Biochemistry, Biophysics and Molecular Biology, Roy J. Carver Department of, Bioinformatics and Computational Biology, Baker Center for Bioinformatics and Biological Statistics
Journal or Book Title
Journal of Chemical Theory and Computation
Coarse-grained elastic network models have been successful in determining functionally relevant collective motions. The level of coarse-graining, however, has usually focused on the level of one point per residue. In this work, we compare the applicability of elastic network models over a broader range of representational scales. We apply normal mode analysis for multiple scales on a highresolution protein data set using various cutoff radii to define the residues considered to be interacting, or the extent of cooperativity of their motions. These scales include the residue-, atomic-, proton-, and explicit solvent-levels. Interestingly, atomic, proton, and explicit solvent level calculations all provide similar results at the same cutoff value, with the computed mean-square fluctuations showing only a slightly higher correlation (0.61) with the experimental temperature factors from crystallography than the results of the residue-level coarse-graining. The qualitative behavior of each level of coarse graining is similar at different cutoff values. The correlations between these fluctuations and the number of internal contacts improve with increased cutoff values. Our results demonstrate that atomic level elastic network models provide an improved representation for the collective motions of proteins compared to the coarse-grained models.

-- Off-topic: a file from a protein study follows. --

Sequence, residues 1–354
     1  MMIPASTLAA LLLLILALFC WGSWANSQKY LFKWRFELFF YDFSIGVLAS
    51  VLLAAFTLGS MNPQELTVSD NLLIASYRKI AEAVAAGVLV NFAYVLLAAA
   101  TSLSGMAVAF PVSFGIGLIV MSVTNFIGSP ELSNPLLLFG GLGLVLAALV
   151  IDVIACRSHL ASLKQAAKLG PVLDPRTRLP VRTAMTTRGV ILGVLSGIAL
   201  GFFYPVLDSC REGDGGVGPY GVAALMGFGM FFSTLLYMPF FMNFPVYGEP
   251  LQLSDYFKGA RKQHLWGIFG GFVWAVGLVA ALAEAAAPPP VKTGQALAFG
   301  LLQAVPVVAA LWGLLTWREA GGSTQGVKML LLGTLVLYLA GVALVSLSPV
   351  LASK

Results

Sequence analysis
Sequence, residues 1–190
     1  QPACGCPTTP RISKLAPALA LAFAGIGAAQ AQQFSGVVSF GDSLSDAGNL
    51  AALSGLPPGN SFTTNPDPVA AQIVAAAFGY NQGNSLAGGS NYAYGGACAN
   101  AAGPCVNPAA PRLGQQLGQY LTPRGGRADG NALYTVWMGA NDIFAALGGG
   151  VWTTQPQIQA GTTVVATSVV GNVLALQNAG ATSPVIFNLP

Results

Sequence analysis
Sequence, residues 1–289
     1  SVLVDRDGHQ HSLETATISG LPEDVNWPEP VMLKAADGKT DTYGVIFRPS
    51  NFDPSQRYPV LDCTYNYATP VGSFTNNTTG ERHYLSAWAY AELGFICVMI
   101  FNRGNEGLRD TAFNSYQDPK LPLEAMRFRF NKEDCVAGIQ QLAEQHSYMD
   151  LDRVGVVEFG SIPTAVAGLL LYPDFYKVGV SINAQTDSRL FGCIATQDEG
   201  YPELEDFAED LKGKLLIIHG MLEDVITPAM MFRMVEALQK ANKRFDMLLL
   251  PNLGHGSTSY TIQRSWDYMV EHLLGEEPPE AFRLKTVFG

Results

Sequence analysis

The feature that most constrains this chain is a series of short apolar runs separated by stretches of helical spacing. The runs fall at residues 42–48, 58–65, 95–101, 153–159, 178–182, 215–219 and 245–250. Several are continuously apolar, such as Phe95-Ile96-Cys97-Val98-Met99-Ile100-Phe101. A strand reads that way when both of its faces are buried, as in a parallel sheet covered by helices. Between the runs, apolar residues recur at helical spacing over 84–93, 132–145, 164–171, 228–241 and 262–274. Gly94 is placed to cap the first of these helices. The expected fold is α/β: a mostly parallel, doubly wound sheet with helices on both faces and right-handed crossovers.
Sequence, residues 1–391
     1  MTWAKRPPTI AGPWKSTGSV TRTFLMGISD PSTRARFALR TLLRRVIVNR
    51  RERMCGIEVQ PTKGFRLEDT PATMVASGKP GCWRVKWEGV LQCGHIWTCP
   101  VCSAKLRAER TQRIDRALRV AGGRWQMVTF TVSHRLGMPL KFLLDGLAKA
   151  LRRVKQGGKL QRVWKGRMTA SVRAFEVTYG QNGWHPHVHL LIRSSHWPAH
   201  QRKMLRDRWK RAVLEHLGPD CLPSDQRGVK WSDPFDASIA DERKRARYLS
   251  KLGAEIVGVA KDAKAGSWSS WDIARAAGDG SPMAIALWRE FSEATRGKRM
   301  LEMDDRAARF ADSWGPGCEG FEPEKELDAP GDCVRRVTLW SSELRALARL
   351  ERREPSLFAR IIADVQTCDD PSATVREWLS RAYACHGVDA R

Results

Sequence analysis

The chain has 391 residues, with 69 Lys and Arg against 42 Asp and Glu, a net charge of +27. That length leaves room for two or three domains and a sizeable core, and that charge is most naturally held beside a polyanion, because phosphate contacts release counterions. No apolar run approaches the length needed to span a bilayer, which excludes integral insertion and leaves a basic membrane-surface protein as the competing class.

American Chemical Society
Sen, Taner Z.; Feng, Yaping; Garcia, John V.; Kloczkowski, Andrzej; and Jernigan, Robert L., "The Extent of Cooperativity of Protein Motions Observed with Elastic Network Models Is Similar for Atomic and Coarser-Grained Models" (2006). Biochemistry, Biophysics and Molecular Biology Publications. 302.